In C , "In addition to her work on the Miocene hominid fossil record, Mary " the modifier describes Mary.
The modifier must describe Mary's work.
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Re: SC: Misplaced Modifier [#permalink] New post 02 Jul 2008, 09:31
This is to directly answer all of the questions with regard to parallelism in this question. Someone directly asked about parallelism in E.

First, when you want to check parallelism, identify all of the items that must be parallel. Almost always you will have parallel issues with verbs. I imagine it's possible with items in a list, but even then, I think 99% of the time this deals with verbs [can someone confirm this?]

Let's identify the issues in E:

E. Leakey’s contributions to archaeology include her discovering the earliest direct evidence of hominid activity and painstaking documentation of

First, these are not the same part of speech. "discovering" is used as a noun and "painstaking" is used as an adjective modifying what type of documentation. Be careful that you do not see a word with -ing ending and think it MUST be parallel. This may be true more often than not, but those times it is not true can cost you a correct answer on the GMAT.

Second, there is not a parallel issue at all in this question. Leakey's contributions are two-fold. One is her discovery of the earliest direct evidence of hominid activity and the other is her documentation of East African cave paintings. Almost always [may be a bit overstated] you will see parallel issues with verbs such as "He likes to swim and go backpacking." This isn't parallel. It should be "He likes to swim and backpack." or "He likes swimming and backpacking." The last example makes both items a noun and we now have no parallel issues. The first "swim and backpack" uses each word as verbs and is parallel.

The real key to this question is identifying what is being tested. Here the part of the sentence before the comma is an appsitive phrase. You have to identify what part of the rest of the sentence this appositive phrase is tied to. It's a dependent clause and MUST be tied (modify or explain) something else in the main part of the sentence.

As is the rule already stated, when you have an appositive like this, generally the first noun after the comma is what the appositive is tied to. When the sentence begins "In addition to her work...." we know that this is in relation to something she did, but not tied directly to her. The only thing that satisfies this is her contributions. So the sentence is adding significance to what she had done because it discusses ALL that she had done. It doesn't really discuss Mary Leakey (the person) at all.

HTH
tarek99 wrote:
In addition to her work on the Miocene hominid fossil record, Mary Leakey contributed to archaeology with her discovery of the earliest direct evidence of hominid activity and painstakingly documenting East African cave paintings.

A. Leakey contributed to archaeology with her discovery of the earliest direct evidence of hominid activity and painstakingly documenting

B. Leakey contributed to archaeology by her discovery of the earliest direct evidence of hominid activity and by painstakingly documenting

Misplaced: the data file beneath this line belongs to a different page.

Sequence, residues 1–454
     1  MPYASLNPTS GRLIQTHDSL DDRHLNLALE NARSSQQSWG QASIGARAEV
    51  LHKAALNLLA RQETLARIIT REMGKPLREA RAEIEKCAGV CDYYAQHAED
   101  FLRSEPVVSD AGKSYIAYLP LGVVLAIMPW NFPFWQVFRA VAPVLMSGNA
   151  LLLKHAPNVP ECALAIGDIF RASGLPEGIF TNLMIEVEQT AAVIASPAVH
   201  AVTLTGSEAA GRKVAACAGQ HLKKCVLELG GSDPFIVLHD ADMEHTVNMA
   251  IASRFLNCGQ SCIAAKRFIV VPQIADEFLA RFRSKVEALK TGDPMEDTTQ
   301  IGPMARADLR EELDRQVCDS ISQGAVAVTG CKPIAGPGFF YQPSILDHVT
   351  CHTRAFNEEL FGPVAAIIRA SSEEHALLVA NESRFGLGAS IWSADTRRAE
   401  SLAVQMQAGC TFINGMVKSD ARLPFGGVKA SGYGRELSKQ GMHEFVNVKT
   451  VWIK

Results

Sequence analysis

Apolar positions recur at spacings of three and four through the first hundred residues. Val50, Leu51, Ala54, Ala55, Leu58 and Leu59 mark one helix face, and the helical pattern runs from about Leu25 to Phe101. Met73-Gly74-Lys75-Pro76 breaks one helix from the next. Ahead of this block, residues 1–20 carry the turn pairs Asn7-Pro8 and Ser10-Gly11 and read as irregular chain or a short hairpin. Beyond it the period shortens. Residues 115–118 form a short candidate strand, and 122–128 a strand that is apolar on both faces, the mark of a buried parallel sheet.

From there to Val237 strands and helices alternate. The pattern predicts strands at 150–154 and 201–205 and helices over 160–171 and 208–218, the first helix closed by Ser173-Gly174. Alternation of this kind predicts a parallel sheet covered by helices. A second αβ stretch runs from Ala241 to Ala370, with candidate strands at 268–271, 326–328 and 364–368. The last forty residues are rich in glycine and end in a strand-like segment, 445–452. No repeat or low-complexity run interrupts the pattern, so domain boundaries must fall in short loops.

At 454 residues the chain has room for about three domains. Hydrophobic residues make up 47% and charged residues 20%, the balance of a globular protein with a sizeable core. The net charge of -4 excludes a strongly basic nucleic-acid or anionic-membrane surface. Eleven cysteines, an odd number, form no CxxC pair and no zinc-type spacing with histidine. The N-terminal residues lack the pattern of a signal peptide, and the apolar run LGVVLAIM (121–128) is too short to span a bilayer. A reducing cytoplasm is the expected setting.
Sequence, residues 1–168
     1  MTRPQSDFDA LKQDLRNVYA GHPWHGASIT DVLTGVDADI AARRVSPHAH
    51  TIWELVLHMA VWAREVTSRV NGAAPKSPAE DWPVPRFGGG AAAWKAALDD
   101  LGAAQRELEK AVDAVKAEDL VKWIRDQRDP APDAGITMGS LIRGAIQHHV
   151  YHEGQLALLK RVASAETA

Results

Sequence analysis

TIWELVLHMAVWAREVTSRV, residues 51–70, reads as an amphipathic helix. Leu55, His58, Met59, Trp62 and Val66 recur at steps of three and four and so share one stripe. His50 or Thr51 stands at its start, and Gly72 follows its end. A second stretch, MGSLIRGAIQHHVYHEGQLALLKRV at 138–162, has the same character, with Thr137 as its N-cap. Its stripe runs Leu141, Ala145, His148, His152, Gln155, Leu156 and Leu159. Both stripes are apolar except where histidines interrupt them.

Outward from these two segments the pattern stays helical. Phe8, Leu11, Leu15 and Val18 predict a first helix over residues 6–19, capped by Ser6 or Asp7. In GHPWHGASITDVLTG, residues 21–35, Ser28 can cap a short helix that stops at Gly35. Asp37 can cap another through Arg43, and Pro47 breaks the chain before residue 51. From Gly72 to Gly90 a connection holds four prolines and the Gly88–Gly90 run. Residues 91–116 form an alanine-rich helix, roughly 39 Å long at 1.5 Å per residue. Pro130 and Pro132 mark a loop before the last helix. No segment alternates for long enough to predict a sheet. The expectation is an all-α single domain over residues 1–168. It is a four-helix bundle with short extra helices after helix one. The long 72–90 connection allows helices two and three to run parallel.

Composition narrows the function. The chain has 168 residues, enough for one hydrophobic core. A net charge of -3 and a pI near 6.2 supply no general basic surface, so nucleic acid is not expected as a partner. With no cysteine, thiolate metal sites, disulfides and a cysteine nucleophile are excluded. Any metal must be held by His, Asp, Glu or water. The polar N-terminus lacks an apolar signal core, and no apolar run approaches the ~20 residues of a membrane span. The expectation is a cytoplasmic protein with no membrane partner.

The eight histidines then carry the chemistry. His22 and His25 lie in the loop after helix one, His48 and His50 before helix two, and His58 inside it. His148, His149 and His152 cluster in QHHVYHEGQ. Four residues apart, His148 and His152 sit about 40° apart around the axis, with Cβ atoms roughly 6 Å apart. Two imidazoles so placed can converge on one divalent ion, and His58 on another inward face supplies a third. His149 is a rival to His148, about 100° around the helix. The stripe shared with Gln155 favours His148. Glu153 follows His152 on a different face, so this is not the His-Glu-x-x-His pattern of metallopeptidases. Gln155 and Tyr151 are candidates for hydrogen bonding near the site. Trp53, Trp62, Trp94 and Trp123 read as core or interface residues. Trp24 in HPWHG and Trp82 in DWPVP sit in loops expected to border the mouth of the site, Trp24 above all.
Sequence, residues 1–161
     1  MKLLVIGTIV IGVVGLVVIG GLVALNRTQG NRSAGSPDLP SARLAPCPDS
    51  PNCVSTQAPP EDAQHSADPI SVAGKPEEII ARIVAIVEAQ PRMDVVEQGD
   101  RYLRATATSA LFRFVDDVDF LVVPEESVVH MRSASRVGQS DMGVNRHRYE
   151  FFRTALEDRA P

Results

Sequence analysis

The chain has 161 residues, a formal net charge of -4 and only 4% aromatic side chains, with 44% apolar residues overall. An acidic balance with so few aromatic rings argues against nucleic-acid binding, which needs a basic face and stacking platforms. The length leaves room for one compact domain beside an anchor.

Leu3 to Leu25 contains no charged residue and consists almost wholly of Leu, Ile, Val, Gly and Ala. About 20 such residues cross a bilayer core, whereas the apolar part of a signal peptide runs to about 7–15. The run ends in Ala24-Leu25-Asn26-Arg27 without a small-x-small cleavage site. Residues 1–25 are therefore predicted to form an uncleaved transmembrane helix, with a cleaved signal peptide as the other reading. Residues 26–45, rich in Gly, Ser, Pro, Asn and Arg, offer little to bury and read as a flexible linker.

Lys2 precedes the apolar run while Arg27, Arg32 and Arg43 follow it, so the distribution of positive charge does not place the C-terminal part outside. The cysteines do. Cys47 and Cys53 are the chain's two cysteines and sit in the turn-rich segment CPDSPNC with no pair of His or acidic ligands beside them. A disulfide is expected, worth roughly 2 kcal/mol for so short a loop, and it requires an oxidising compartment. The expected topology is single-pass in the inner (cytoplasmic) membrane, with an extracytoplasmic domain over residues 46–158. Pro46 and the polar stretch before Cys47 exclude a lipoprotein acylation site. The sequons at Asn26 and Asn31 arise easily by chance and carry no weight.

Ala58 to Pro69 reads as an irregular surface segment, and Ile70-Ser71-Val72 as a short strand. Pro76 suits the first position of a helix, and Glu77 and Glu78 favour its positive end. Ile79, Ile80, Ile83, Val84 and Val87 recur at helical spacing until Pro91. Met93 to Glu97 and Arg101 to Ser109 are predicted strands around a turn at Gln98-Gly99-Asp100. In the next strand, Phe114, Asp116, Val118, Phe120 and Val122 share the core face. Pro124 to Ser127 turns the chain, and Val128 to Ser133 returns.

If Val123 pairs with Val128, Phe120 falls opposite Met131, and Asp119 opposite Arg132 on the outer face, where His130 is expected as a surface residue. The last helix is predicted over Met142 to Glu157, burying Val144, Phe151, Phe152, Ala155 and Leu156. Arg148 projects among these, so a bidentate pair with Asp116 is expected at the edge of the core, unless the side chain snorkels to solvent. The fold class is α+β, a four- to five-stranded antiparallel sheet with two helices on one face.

C. Leakey was a contributor to archaeology with her discovery of the earliest direct evidence of hominid activity and with her painstaking documentation of

D. Leakey’s contributions to archaeology include her discovery of the earliest direct evidence of hominid activity and her painstaking documentation of

E. Leakey’s contributions to archaeology include her discovering the earliest direct evidence of hominid activity and painstaking documentation of


Please explain your answer!
Thanks!

One note: I chose C, but the OA is D. What's wrong with C??? What is the tested construction or the idiom in this question?

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Re: SC: Misplaced Modifier [#permalink] New post 02 Jul 2008, 09:42
Hi GMBA85,

I find it more D clearer than E:
Here is my analysis:

Leakey’s to archaeology include her discovery ... and her painstaking documentation .....
In D:it is clear

In E:
Leakey’s to archaeology include her discovering the earliest direct evidence ... and her painstaking documentation .....

That is in E: discovering which acts as participle is modifying the earliest

This boils down to: Leakey’s to archaeology include..her ... the earliest ... and her painstaking documentation .....

I hope this helps.

Thanks
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Re: SC: Misplaced Modifier [#permalink] New post 03 Jul 2008, 05:52
Thanks for the awesome explanation guys. I still have a long way to go.

There's one doubt the still prevails.. why is discovering a noun? and not a verb.
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Re: SC: Misplaced Modifier [#permalink] New post 03 Jul 2008, 06:07
"discovering" as used in this sentence is a gerund. A gerund is a verb with "ing" on the end.

discover is usually a verb, and with "ing" on it, it is used as a noun.

"He is fast on the soccer field". Fast is clearly a noun

"He is slow on the track." Slow is a noun.

"He is discovering new theories of the universe." "Discovering" tells us what he is doing. The verb in each of the sentences is "is".

Here is a link to learn more about gerunds. I go here to read up on stuff all the time.

http://owl.english.purdue.edu/owl/resource/627/01/


GMBA85 wrote:
Thanks for the awesome explanation guys. I still have a long way to go.

There's one doubt the still prevails.. why is discovering a noun? and not a verb.

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Re: SC: Misplaced Modifier [#permalink] New post 04 Jul 2008, 04:15
D. Leakey’s contributions to archaeology include her discovery of the earliest direct evidence of hominid activity and her painstaking documentation of


After looking at this problem, I realized that the issue is much simpler than that. The issue is parallelism. Notice that "her" is used twice in option D, making it appropriate. However, in option E, "her" is missing after "and":

E. Leakey’s contributions to archaeology include her discovering the earliest direct evidence of hominid activity and painstaking documentation of ---> no "her" before "painstaking documentation."
Re: SC: Misplaced Modifier   [#permalink] 04 Jul 2008, 04:15